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[content warning: effective altruism, disordered eating]

Many people wish to behave altruistically [citation needed]. However, it’s important to behave altruistically in ways that don’t hurt you, for a lot of reasons effective altruists have already gone over: altruistic acts that hurt you lead to burnout; they teach people that a life of extreme altruism is inherently a life of suffering, rather than one of joy; and, frankly, they aren’t very fun.

I think a good altruistic action should be healthy, happy, and sustainable.

Healthy. One of the places health comes up most is in being vegan. Of course, some people have disabilities that make being vegan difficult or unhealthy for them, ranging from diabetes to irritable bowel syndrome. But there are subtler ways that veganism can be unhealthy: for instance, some people have difficulties making food, and rely on a few staple easy foods which contain meat. If they don’t eat meat, they can have a hard time eating at all.

But other common EA activities can have health risks as well. Jobs heavy in typing might exacerbate wrist pain. Donating blood might be risky if you have cardiovascular disease.

Mental health is also an important part of health. If being vegan causes you to binge or starve yourself, it’s probably a bad idea to be vegan. If your job makes you so anxious that you have panic attacks and dread getting out of bed in the morning, you should probably look into getting a different job– even if this one involves doing good in the world.

Happy. Acts of altruism make people happier, more satisfied, and even healthier. The normal situation is that your altruism should make you feel like a good person who has a sense of purpose and meaning in life and feels happy about improving the lives of others. Of course, there’s no reason to feel guilty if altruism doesn’t make you happy, and if you have neutral feelings about your altruism and don’t mind them there’s no reason to feel obligated to change. But if you’re thinking “naturally I feel terrible about my altruism! I am nobly engaging in noble self-sacrifice for the good of all beings!”, then I hope this is a wake-up call.

If you dread every moment you spend at your job, if you’re tired of your bland and boring vegan diet, or if you want to scream every time you share a cute story about Make a Wish and someone says “but it’s not effective the way malaria nets are!”, you have a problem! Even if fixing those problems means you’re doing less good in the world, your happiness matters too.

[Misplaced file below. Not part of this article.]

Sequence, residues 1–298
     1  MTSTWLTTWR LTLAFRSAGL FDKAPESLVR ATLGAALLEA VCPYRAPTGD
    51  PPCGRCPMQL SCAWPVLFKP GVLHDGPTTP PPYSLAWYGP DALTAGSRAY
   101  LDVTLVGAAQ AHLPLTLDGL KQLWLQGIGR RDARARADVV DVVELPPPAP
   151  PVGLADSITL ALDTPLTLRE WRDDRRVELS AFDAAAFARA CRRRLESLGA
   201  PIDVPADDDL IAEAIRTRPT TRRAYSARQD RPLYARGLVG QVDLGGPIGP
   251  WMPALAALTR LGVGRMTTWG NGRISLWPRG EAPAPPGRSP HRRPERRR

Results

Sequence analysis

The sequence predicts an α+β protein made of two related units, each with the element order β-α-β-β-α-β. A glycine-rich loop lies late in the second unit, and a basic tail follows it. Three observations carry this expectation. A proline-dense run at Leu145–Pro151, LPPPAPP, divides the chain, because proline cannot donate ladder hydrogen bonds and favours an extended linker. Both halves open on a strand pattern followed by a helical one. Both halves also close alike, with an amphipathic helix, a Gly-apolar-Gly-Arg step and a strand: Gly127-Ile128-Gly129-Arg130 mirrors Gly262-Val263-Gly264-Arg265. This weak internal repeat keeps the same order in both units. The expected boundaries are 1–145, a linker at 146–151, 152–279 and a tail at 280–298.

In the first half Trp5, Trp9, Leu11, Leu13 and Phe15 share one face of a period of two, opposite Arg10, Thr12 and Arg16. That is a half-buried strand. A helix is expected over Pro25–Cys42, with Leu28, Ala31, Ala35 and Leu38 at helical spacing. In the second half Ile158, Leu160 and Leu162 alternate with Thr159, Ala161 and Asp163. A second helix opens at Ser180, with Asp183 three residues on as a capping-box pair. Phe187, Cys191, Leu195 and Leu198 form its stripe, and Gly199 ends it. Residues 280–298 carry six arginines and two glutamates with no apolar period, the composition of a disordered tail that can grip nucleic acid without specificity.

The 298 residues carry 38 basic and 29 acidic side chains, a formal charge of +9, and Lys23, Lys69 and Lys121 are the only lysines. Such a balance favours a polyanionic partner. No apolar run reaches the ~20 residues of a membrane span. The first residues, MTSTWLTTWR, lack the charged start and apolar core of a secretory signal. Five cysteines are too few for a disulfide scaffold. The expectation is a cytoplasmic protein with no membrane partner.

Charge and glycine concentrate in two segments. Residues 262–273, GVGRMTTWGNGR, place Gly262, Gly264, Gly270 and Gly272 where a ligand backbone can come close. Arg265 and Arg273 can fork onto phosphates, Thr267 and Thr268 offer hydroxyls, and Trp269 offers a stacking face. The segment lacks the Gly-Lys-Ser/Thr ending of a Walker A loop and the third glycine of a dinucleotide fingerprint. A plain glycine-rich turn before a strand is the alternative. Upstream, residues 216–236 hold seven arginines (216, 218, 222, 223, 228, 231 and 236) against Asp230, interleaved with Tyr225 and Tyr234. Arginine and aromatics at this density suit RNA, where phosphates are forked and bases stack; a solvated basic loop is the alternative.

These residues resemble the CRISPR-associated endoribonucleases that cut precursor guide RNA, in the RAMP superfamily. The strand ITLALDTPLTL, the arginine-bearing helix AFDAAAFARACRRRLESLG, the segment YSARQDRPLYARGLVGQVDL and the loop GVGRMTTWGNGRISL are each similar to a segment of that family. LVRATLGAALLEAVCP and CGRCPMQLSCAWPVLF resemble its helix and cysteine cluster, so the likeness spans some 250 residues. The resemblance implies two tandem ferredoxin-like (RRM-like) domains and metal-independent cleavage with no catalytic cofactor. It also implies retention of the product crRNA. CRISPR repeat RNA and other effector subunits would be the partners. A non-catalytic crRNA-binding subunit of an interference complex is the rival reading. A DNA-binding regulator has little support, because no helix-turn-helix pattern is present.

Sustainable. Basically, this question is: can I do this for the rest of my life? If you’re donating ten percent to charity, but the only way you’re managing it is by running up tens of thousands of dollars in credit card debt, or living without health insurance, or not saving any money for retirement, then this is clearly not sustainable in the long term. (Of course, some people wind up in that situation because they are poor and not because they are giving a lot to charity, in which case they are in a terrible situation and also our civilization is inadequate.) Similarly, if doing altruistic activities is draining your emotional resources, making you draw on reserves of inner strength you might soon run out of and forcing you to rely on willpower to get through the day, then you’re setting yourself up for burnout. If you’re neglecting things that you need to do to preserve your long-run happiness, such as (for many people) socializing or exercising, then you’re setting yourself up for problems– even if you’re fine right now.

Just because an altruistic action fails one of healthy, happy, or sustainable does not mean you shouldn’t do it! Instead, think if there’s a way that you can make the action healthy, happy, and sustainable. For instance, maybe if you move into a smaller house or do more comparison-shopping on your insurance, you’ll be able to give ten percent without running up so much credit card debt. Maybe if you make a commitment to trying out a new easy vegan food each week, you can add vegan recipes to your staples. Or maybe if you make an effort to read motivational essays that remind you of the importance of your work to the world, then you’re a lot happier about your job.

If it turns out that you can’t do a particular action in the long term and stay healthy and happy, it’s okay. You don’t have to do it, and there is no reason to feel guilty– you are making a reasonable decision about the allocation of your resources. If something changes, great! If not, there is no reason to sacrifice yourself to improve things for other people.